New research suggests natural killer cells in the liver help to prevent rejection after transplantation

Scientists believe natural-killer cells in the liver may explain why liver transplant patients typically require less treatment with immunosuppressant drugs to prevent rejection than recipients of other organ transplants.

The scientists, led by Trinity’s Cliona O’Farrelly, Professor of Comparative Immunology, worked with collaborators at Harvard Medical School, NUI Maynooth and the National Liver Transplant Center at St. Vincent’s University Hospital to seek to better understand the impressive immune qualities of the liver.

Liver disease is increasing all over the globe, mainly because of increasing rates of obesity, but also because of infections and cancer of the liver. Transplantation is often the only therapy available to people with end stage liver disease.

In the study, recently published in the journal Frontiers in Immunology, the scientists showed that there are many immune cells known as natural killer (NK) cells in normal healthy liver, and about half of these are specialized liver-resident NK cells. These cells are probably important in keeping the normal liver free of viral infections, malignancy and damage.

Explaining the findings and their significance, Professor O’Farrelly, who is based in the Trinity Biomedical Sciences Institute, said, “Recipients of donor livers generally require much less immunosuppression than the recipients of other organs. This prompted us to assess whether it was the immune cells in the donor livers that might be important in helping to generate the tolerance that is unique to liver transplantation.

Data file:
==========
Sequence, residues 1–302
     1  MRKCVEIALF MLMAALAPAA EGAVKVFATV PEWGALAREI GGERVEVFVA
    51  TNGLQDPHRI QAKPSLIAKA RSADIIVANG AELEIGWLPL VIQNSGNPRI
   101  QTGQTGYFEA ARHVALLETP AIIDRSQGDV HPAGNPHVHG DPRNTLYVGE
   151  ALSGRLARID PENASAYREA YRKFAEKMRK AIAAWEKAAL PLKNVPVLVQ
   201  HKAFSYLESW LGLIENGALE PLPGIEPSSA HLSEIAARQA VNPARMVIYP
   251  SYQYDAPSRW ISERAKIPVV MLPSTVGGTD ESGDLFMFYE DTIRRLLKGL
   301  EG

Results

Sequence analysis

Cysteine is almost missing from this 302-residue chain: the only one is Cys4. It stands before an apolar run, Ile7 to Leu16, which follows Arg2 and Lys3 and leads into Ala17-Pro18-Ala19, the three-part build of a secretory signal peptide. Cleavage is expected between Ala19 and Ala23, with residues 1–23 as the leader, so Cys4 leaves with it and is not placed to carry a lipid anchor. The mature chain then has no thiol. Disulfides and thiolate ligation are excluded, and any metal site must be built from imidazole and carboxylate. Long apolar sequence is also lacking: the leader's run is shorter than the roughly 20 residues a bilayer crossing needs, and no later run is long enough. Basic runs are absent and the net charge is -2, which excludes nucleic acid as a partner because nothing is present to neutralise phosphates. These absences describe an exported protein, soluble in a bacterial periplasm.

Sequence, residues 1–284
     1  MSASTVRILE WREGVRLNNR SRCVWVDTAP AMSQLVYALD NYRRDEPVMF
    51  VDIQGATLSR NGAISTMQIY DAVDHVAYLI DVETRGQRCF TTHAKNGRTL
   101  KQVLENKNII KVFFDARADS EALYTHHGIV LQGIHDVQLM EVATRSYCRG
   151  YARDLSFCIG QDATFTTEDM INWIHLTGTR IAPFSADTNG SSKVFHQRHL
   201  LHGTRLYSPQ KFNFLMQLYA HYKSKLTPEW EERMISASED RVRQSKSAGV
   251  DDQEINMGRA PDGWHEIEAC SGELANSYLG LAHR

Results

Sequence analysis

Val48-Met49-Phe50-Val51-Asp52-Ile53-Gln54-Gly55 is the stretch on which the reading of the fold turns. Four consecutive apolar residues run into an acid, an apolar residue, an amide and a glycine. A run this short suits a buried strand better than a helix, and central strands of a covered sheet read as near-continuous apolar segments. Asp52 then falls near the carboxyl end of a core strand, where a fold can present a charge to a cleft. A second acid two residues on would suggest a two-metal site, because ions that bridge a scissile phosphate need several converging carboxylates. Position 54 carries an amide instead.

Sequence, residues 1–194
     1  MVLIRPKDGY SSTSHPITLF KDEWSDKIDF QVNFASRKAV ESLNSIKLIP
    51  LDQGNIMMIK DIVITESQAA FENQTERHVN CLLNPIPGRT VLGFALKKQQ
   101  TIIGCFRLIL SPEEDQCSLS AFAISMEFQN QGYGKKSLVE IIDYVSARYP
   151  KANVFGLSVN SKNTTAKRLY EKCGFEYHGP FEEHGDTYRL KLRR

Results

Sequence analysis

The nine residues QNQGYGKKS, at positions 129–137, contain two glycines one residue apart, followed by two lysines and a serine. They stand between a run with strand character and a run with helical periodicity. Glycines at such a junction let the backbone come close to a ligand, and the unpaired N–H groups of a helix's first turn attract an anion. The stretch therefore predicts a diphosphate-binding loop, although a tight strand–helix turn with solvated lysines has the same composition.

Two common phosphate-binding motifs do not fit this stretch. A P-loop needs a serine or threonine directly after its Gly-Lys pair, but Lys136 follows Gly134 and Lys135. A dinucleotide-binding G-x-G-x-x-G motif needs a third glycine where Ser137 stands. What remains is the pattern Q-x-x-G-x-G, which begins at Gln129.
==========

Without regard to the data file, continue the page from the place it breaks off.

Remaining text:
“T lymphocytes are the immune cells that mediate graft rejection and are the targets of most immunosuppressive drugs, but we discovered the special liver-resident NK cells can kill these T lymphocytes. This leads us to think that in the transplant situation—when the operation is over—the recipients’ T cells recognize something foreign and migrate into the donor liver but are then met by liver-resident NK cells, which kill them off and prevent organ rejection.”

If the scientists can now understand how to boost the numbers or activity of these liver-resident NK cells, the potential is there for kickstarting a patient’s immune response if it is lagging or underperforming for some reason.